The Department of Agriculture, Forestry and Fisheries shares the following in their 2017 Winter Climate Advisory. The focus is on improvement of conditions in summer rainfall areas, dry weather in winter rainfall areas, difficulty to forecast rainfall, increased risk for veld fires and more:

Conditions in most summer rainfall areas improved greatly following good rains received during the 2016/2017 summer season. Generally, the veld and livestock are in reasonable to good condition and above average yields of summer crops are anticipated. On the other hand, very dry conditions have been reported in the winter rainfall areas, and a drought disaster status has been declared in the Western Cape with water restrictions in place.

According to the Seasonal Climate Watch issued by the South African Weather Service (SAWS) dated 25 May, the forecasting system is very uncertain on a specific direction of rainfall throughout the country. Furthermore, SAWS states that this is particularly common during winter as the forecasting systems are unable to predict the important rainfall bearing system this time of the year.  It has been indicated that temperatures across the country are expected to be higher than normal with the exception of the south-western parts, especially during mid-winter.

The May 2017 update issued by the Famine Early Warning System Network (FEWS-NET) indicates that the trade of maize and other crops is slowly increasing, including market activities related to cash crops and food. As supply of cereals on the market is increasing, competition among farmers and traders in several countries is also increasing. Given the harvest prospects of average to above average production, staple prices are expected to continue to decline across the region. As the main 2016/2017 cropping season comes to an end, preparations for a second season or winter production is already underway in countries such as Zimbabwe, Mozambique, Lesotho, and Malawi. With the exception of drought-affected Tanzania, there is adequate soil moisture to support good crop conditions and immediate land preparation for winter crops without pre-irrigation.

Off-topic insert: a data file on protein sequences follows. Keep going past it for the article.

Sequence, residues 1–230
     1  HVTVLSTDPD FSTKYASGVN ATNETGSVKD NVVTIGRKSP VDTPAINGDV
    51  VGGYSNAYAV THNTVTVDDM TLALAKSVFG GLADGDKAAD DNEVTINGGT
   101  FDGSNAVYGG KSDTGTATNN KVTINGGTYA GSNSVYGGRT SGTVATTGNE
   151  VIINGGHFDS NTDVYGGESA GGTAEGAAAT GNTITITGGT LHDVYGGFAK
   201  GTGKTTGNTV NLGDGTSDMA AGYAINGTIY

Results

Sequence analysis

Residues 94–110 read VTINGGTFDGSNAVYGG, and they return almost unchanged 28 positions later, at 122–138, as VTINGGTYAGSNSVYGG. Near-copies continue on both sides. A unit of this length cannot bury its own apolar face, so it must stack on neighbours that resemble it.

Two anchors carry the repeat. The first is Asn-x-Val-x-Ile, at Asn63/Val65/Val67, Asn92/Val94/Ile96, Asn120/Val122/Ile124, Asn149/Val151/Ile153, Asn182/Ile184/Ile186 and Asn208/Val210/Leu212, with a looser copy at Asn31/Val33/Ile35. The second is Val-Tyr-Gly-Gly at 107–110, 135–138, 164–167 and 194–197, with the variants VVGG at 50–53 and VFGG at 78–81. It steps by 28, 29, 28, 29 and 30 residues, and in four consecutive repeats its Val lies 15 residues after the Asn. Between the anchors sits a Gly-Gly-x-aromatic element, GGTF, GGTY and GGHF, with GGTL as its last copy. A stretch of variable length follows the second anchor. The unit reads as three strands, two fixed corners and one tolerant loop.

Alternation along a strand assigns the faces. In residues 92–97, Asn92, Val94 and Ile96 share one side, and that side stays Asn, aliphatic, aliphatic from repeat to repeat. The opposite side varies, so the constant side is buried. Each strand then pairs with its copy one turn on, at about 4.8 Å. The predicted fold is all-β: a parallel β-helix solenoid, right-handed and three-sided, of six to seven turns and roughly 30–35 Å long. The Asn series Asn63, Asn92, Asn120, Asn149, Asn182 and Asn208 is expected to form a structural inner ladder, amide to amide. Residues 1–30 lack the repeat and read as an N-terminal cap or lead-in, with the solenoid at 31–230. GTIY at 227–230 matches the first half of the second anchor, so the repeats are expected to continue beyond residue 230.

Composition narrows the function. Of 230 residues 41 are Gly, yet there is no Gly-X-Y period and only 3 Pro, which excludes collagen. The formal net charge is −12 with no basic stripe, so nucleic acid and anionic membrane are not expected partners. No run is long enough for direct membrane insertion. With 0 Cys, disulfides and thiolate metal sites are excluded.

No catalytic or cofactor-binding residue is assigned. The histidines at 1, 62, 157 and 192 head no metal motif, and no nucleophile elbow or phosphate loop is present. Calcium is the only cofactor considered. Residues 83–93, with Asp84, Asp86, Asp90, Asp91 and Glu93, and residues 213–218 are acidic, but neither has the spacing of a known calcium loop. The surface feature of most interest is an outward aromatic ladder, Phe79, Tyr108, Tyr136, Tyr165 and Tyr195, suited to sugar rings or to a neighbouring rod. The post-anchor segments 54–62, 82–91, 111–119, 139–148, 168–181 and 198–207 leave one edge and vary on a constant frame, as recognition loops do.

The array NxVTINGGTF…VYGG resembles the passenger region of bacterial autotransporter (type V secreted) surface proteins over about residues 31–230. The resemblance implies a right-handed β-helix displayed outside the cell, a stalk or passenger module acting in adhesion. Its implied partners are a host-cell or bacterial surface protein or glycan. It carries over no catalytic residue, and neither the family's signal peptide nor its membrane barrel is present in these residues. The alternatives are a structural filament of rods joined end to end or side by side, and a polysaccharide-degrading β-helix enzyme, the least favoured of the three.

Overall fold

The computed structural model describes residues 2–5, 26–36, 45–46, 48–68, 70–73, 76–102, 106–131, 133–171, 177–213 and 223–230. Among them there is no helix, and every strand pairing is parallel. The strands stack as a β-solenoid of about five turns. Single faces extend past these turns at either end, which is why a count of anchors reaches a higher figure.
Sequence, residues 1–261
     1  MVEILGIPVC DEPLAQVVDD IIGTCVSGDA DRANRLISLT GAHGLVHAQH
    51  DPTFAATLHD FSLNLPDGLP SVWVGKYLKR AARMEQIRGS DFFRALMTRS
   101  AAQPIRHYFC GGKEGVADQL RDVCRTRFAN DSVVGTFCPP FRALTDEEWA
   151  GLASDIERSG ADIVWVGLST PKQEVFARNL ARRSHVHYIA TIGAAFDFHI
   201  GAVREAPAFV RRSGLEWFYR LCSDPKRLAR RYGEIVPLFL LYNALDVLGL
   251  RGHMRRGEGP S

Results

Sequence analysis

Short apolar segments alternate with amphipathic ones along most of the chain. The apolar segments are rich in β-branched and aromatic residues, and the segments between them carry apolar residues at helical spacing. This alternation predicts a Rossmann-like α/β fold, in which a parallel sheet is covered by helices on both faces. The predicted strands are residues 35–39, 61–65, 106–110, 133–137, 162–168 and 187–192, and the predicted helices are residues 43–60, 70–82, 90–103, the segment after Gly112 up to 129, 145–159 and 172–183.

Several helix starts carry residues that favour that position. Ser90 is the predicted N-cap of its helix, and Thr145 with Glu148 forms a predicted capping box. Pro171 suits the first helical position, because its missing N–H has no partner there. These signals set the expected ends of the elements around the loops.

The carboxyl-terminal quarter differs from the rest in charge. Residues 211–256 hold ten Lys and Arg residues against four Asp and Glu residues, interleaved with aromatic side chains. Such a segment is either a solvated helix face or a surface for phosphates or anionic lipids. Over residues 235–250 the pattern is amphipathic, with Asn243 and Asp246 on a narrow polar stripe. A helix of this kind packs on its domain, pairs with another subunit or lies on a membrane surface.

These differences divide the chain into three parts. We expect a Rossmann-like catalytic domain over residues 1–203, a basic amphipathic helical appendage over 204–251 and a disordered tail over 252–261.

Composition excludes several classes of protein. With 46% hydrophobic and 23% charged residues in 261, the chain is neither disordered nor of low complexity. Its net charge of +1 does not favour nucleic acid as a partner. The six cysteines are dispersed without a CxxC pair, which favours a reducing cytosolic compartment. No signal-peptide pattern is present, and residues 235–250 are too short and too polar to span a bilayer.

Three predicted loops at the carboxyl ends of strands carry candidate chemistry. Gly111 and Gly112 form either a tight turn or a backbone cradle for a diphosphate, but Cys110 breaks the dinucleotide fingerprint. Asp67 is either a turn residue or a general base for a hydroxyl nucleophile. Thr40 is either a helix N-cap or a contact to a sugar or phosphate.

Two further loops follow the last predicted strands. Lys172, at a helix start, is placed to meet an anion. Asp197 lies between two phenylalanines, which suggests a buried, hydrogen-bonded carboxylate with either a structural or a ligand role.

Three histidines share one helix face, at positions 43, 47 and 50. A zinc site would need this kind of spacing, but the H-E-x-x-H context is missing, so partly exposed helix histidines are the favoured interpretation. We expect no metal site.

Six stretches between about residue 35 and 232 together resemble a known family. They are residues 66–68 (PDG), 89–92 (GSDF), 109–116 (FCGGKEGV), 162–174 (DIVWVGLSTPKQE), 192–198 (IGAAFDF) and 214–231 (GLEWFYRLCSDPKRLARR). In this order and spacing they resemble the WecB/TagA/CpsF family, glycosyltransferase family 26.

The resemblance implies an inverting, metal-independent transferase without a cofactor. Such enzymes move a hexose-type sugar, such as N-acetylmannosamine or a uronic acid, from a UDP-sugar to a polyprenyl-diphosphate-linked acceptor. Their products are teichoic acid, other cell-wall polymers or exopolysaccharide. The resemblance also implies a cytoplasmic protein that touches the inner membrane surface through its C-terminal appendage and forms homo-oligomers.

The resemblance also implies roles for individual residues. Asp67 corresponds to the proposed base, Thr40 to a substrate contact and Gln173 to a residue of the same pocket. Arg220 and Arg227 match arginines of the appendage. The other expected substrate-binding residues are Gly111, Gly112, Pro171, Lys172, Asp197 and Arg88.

Dryland winter crop farmers are advised to wait for sufficient moisture before planting and stay within the normal planting window. They are also advised to be conservative in their planting, i.e. planting density/cultivar/area being planted. In addition, they should consider drought tolerant cultivars where possible. Irrigation farmers should reduce the planting area in line with water restrictions in their areas. Farmers should follow the weather and climate forecast regularly so as to make informed decisions.

Livestock numbers must continually be kept in line with carrying capacity of the veld, and be provided with additional feed such as relevant licks. They should also be provided with enough water points on the farm as well as shelter during bad weather. As the veld has dried out in summer rainfall areas, the risk of veld fires increases. Therefore, creation of fire belts should be prioritized as well as adherence to veld fire warnings. Cold spells and localised flooding resulting from frontal systems will occur during winter and measures should be in place to minimise or adapt to the negative impacts of these hazards. – Press release

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